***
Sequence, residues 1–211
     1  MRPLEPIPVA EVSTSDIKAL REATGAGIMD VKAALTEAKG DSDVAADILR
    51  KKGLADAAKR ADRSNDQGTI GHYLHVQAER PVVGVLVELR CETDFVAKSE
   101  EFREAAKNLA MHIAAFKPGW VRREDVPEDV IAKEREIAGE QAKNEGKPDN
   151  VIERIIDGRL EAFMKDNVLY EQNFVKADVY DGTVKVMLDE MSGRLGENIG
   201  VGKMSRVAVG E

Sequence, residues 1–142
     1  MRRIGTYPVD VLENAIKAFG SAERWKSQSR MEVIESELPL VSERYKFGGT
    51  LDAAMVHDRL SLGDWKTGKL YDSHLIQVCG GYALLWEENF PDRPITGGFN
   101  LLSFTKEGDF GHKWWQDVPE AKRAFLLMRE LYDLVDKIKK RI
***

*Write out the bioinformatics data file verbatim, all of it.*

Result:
Sequence, residues 1–211
     1  MRPLEPIPVA EVSTSDIKAL REATGAGIMD VKAALTEAKG DSDVAADILR
    51  KKGLADAAKR ADRSNDQGTI GHYLHVQAER PVVGVLVELR CETDFVAKSE
   101  EFREAAKNLA MHIAAFKPGW VRREDVPEDV IAKEREIAGE QAKNEGKPDN
   151  VIERIIDGRL EAFMKDNVLY EQNFVKADVY DGTVKVMLDE MSGRLGENIG
   201  VGKMSRVAVG E

Sequence, residues 1–142
     1  MRRIGTYPVD VLENAIKAFG SAERWKSQSR MEVIESELPL VSERYKFGGT
    51  LDAAMVHDRL SLGDWKTGKL YDSHLIQVCG GYALLWEENF PDRPITGGFN
   101  LLSFTKEGDF GHKWWQDVPE AKRAFLLMRE LYDLVDKIKK RI